The Odd Clauses
Understanding the Constitution through Ten of Its Most Curious Provisions
If the United States Constitution were a zoo, and the First, Fourth, and Fourteenth amendments were a lion, a giraffe, and a panda bear, respectively, then The Odd Clauses would be a special exhibit of shrews, wombats, and bat-eared foxes. Past the ever-popular monkey house and lion cages, Boston University law professor Jay Wexler leads us on a tour of the lesser-known clauses of the Constitution, the clauses that, like the yeti crab or platypus, rarely draw the big audiences but are worth a closer look. Just as ecologists remind us that even a weird little creature like a shrew can make all the difference between a healthy environment and an unhealthy one, understanding the odd clauses offers readers a healthier appreciation for our constitutional system. With Wexler as your expert guide through this jurisprudence jungle, you’ll see the Constitution like you’ve never seen it before.
Including its twenty-seven amendments, the Constitution contains about eight thousand words, but the well-known parts make up only a tiny percentage of the entire document. The rest is a hodgepodge of provisions, clauses, and rules, including some historically anachronistic, some absurdly detailed, and some crucially important but too subtle or complex to get popular attention. This book is about constitutional provisions like Section 2 of the Twenty-first Amendment, the letters of marque and reprisal clause, and the titles of nobility clauses—those that promote key democratic functions in very specific, and therefore seemingly quite odd, ways. Each of the book’s ten chapters shines a much-deserved light on one of the Constitution’s odd clauses—its history, its stories, its controversies, its possible future.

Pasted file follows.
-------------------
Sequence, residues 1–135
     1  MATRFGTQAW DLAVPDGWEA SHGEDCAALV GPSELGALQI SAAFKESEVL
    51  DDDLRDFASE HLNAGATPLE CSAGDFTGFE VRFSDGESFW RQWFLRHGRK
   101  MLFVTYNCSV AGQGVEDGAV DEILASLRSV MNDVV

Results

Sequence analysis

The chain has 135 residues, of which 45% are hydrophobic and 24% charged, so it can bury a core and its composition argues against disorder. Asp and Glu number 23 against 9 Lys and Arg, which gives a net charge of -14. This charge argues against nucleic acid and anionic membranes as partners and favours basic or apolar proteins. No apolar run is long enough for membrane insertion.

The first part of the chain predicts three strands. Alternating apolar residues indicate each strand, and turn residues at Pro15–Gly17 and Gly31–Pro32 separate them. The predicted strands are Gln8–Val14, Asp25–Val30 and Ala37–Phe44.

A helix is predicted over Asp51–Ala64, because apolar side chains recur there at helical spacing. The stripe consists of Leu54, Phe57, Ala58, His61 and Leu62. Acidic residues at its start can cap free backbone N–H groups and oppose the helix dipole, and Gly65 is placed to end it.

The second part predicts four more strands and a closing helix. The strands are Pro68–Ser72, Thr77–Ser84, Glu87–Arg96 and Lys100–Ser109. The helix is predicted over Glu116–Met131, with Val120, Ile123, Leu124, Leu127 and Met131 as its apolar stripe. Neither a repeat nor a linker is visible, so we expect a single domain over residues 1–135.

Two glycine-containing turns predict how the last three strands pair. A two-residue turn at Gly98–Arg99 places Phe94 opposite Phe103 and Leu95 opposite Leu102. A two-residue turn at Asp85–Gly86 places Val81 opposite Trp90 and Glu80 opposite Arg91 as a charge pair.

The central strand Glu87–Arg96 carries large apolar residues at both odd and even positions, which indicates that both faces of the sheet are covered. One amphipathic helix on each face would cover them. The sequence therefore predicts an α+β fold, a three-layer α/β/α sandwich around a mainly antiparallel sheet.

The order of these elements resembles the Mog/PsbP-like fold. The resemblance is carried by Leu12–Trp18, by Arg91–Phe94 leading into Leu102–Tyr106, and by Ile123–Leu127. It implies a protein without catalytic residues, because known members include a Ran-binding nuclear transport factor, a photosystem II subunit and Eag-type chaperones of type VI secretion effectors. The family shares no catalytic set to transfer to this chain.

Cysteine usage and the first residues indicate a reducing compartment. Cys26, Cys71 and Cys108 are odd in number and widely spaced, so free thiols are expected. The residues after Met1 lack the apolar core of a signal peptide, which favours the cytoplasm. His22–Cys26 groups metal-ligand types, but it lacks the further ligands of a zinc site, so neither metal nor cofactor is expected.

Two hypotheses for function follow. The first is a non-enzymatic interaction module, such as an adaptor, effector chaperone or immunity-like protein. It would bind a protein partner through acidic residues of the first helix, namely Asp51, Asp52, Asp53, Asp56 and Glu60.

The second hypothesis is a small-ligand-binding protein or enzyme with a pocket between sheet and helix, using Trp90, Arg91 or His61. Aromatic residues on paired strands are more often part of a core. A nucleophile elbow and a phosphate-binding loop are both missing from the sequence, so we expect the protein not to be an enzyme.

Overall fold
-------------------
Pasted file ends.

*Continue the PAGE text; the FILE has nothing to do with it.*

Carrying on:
The Odd Clauses puts these intriguing beasts on display and allows them to exhibit their relevance to our lives, our government’s structure, and the integrity of our democracy.
I love this book. It is, believe it or not, an utterly entertaining constitutional law book. I am blown away by Wexler’s comedic skills and his ability to make the usually dry subject matter so funny and readable.Gary Gulman
In Holy Hullabaloos, Jay Wexler took us along on what he called a “road trip” to some of the most important places connected to the First Amendment’s religion clauses. This time, in The Odd Clauses, Wexler exits off the highway to take us on a tour of some back roads of constitutional law: places scholars and the public seldom visit like the Bill of Attainder Clause or the Third Amendment (which prohibits quartering of troops in private houses during peacetime, in case you didn’t know.) The result is magical: you’ll have so much fun reading about these unsung constitutional provisions that you won’t realize until the trip is over how much you’ve learned.Pamela S. Karlan
Professor Wexler dispenses his expertise on the Constitution with a light touch, imparting many lasting insights and a few belly laughs along the way. What a delight to discover that our founding document is not only brilliant, but brilliantly weird.Ben H. Winters
A know-it-all’s treasure trove, a cabinet of constitutional curiosities, The Odd Clauses touches down on NASA, Ellis Island, even Saturday Night Live. Jay Wexler is brilliantly snarky, erudite and comedic.Julianna Baggott
For about a year, I ran a blog that went with the book called Odd Clauses Watch. It included news, links, analysis, humor and more regarding many of the weird clauses of the U.S. Constitution—not just ones I discuss in the book but others as well. I put the blog to bed at the end of February, 2012, but you can check out a lot of odd clauses info in the archives if you’re interested.
Beacon Press (November 1, 2011)
ISBN: 978-080700090-8 (cloth)
ISBGN: 978-080700089-2 (paper)
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